I slid my spot of light farther to the rear and dropped it lower. My eyes focused, and I sucked in cold air when I realized what I was seeing. Louis was sprawled spread-eagle on his back, his eyes impossibly wide and unblinking, his feet splayed. Snot had run out of his nose and frozen to his cheek. A large urine stain had crystallized on the front of his work pants. He had a large, dark dot in the middle of his forehead. Sal lay next to him with an identical dot and the same dumbstruck expression on his frozen face.

  “Shit,” Morelli said. “I'm not having any luck at all.”

  The only dead people I'd ever seen had been embalmed and dressed up for church. Their hair had been styled, their cheeks had been rouged, and their eyes had been closed to suggest eternal slumber. None of them had been shot in the forehead. I felt bile rise in my throat and clapped a hand over my mouth.

  Morelli yanked me out the door and onto the gravel. “Don't throw up in the truck,” he said. “You'll screw up the crime scene.”

  I did some deep breathing and willed my stomach to settle.

  Morelli had his hand at the back of my neck. “You going to be okay?”

  I nodded violently. “I'm fine. Just t-t-took me b-b-by surprise.”

  “I need some stuff from the van. Stay here. Don't go back in the truck and don't touch anything.”

  He didn't have to worry about me going back into the truck. Wild horses couldn't drag me back into the truck.

  He returned with a crowbar and two pairs of disposable gloves. He gave one pair to me. We snapped the gloves on, and Morelli climbed up the step bumper. “Shine the light on Louis,” he ordered, bending over the body.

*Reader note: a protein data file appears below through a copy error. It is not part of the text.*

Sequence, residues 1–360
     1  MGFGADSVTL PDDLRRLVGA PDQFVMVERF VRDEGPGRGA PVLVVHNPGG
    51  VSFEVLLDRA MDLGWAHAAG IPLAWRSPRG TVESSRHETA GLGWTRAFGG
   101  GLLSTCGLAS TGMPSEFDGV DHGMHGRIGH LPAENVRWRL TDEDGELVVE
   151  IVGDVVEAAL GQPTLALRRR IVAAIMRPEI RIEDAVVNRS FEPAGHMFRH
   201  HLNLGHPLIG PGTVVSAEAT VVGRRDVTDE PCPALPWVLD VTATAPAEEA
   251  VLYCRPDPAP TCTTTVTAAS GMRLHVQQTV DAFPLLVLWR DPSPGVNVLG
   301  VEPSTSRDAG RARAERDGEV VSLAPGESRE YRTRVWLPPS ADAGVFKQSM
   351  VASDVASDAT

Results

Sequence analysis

“What are you doing?”

  “I'm looking for the missing gun.”

  He stood and tossed a set of keys at me. “No gun on him, but he had these keys in his pocket. See if one of them opens the cab door.”

  I opened the passenger side door and searched the map pockets, the glove compartment and under the seat, but I didn't come up with a gun. When I went back to Morelli he was working at the sealed drum with a crowbar.

  “No gun up front,” I said.

  The lid popped off, and Morelli flicked his flashlight on and looked inside.

  “Well?” I asked.

  His voice was tight when he answered. “It's Carmen.”

  I was hit with another wave of nausea. “You think Carmen's been in Sal's freezer all this time?”

  “Looks like it.”

  “Why would he keep her around? Wouldn't he be afraid someone would discover her?”

  Morelli shrugged. “I suppose he felt safe. Maybe he's done this sort of thing before.
You do something often enough, and you become complacent.”

  “You're thinking about those other women who've disappeared from Stark Street.”

  “Yeah. Sal was probably just waiting for a convenient time to take Carmen out and dump her at sea.”

  “I don't understand Sal's connection.”

  Morelli hammered the lid back on. “Me either, but I feel pretty confident Ramirez can be pursuaded to explain it to us.”

  He wiped his hands on his pants and left smudges of white.

  “What's with all this white stuff?” I asked. “Sal got a thing with baby powder or cleanser or something?”

  Morelli looked down at his hands and his pants. “I hadn't noticed.”